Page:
Another of the prerogatives recognized by Gregory IX in 1227 was the right to donate property freely to a recipient of their own choice.  There were in fact prosperous brotherhoods owning chattels and real estate, the income from which they used to finance important charitable works.  This autonomy enjoyed by the Penitents was very much frowned on by both civil and Church authorities, and gave riser to various papal interventions.

The ecclesiastical status of the Penitents received its supreme recognition in the Exemption from civil law, which meant they could not be summoned except to appear before an ecclesiastical court.  According to the Rule, any legal disputes arising between brothers or with non-members were to be settled, as far as possible, within the brotherhood itself, with the friars Minor acting as mediators; and when fraternal agreement of this kind proved to be impossible, the case was put before the diocesan bishop.  This procedure was laid down by the statutes of the Brescia fraternity, issued about 1270, and was followed by Celestine V in his dealings with the Aquila fraternity in 1294.

There were other important exemptions, similar to those granted to any religious order, like immunity from interdict.  In 1221 Honorius III had granted the Brothers of Penance the right of admission to church services, the sacraments, and the Christian burial in time of interdict, providing they were not the cause of the censure.  The privilege was renewed again and again by Gregory IX, Innocent IV, Urban IV, and Boniface VIII.  However, owing to the expansion of the brotherhoods in all countries, the penalty of interdict, which at that time provided Bishops with a powerful weapon, often proved derisory.  There were strong protests at the council of Vienne, resulting in Clement V’s decretal, which became part of the Corpus Iuris Canonici, forbidding priests to give Franciscan Tertiaries access to church services in time of interdict under pain of excommunication, ne censura vilescat.  Later, however, the old privilege was restored or confirmed by other popes such as Innocent VI, Boniface IX, Martin V and Sixtus IV.

The fact that by the end of the sixteenth century the chapter was attended by representatives from a large number of provinces proves, not only the fraternities’ advanced form of organization and their corporate awareness, but the density of the penitential movement inside and outside Italy.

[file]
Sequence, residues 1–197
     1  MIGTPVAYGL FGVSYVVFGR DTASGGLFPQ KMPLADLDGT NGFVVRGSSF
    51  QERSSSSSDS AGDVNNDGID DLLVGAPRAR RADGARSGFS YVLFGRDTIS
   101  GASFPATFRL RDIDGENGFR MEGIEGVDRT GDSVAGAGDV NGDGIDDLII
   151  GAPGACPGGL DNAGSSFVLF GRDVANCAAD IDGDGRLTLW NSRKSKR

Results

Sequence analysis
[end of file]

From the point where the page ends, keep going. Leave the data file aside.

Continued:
Suspicion of heresy was always liable to fall upon any secular organization of evangelical tendencies.  At the beginning of the fourteenth century, the Order of Penance suffered a very harsh ordeal of this kind, coinciding with the bad times through which the First Order was passing.  The persecution campaign was based on the similarity of life style between the Brothers and Sisters of Penance and the group of Beghards, Béguins and Fraticelli, whose errors were condemned at the Council of Vienne.  Clement V gave orders for the necessary investigations to be made, and, when the orthodoxy of the accused had been established, he confirmed the Rule of Nicholas IV in 1308.  the Council’s condemnation did not, therefore, affect the Order of Penance, but the stain of heresy still clung under John XXIII, who also came to the defence of the tertiaries in 1318 and 1321; he even threatened to excommunicate some French bishops who persisted in confusing them with the Béguins and the Beghards.

This, combined with the appalling situation created in the fourteenth century by the Black Death and the Great Schism, caused a marked decrease in the number of tertiaries, according to evidence offered by Bartholomew of Pisa; but even so there were still a great many of them.  Some statistics for 1385 put the number of brotherhoods in the care of the Friars Minor at 244, of which 141 were in Italy and in the East, 23 in Spain, 29 in France, 37 in the German countries and 8 in the British Isles.

In the fifteenth century there was a revival, due mainly to the energetic propagation of the third order, as it was now called, by the great Observant preachers, especially St. Bernardino, St. John of Capistrano, and Bernardino de Bustis.  Evidence of this new expansion is given by St. Antoninus of Florence (d. 1459) when he writes about the ecclesiastical character of the tertiaries, known in Italy as pinzocheri as early as the thirteenth century: his evidence is made all the more valuable by the fact that he was a Dominican: “The doctors do not discuss the Third Order of St. Dominic as much as they do that of St. Francis,” he says, “for there are few Dominican tertiaries in these parts (Italy), and hardly any of the male sex; while many of both sexes have adopted the Rule and the habit of the Third Order of St. Francis, some living as hermits, others acting as hospitallers, and others assembled together in congregations.”  He adds that, because of their large numbers, Franciscan tertiaries were not exempt from interdict as the Dominicans were.  So it was not mere rhetoric when Bernardino de Bustis exclaimed in one of his sermons: “the Order is great in numbers.  The whole of Christendom is full of men and women who truly observe the Rule of the tertiaries.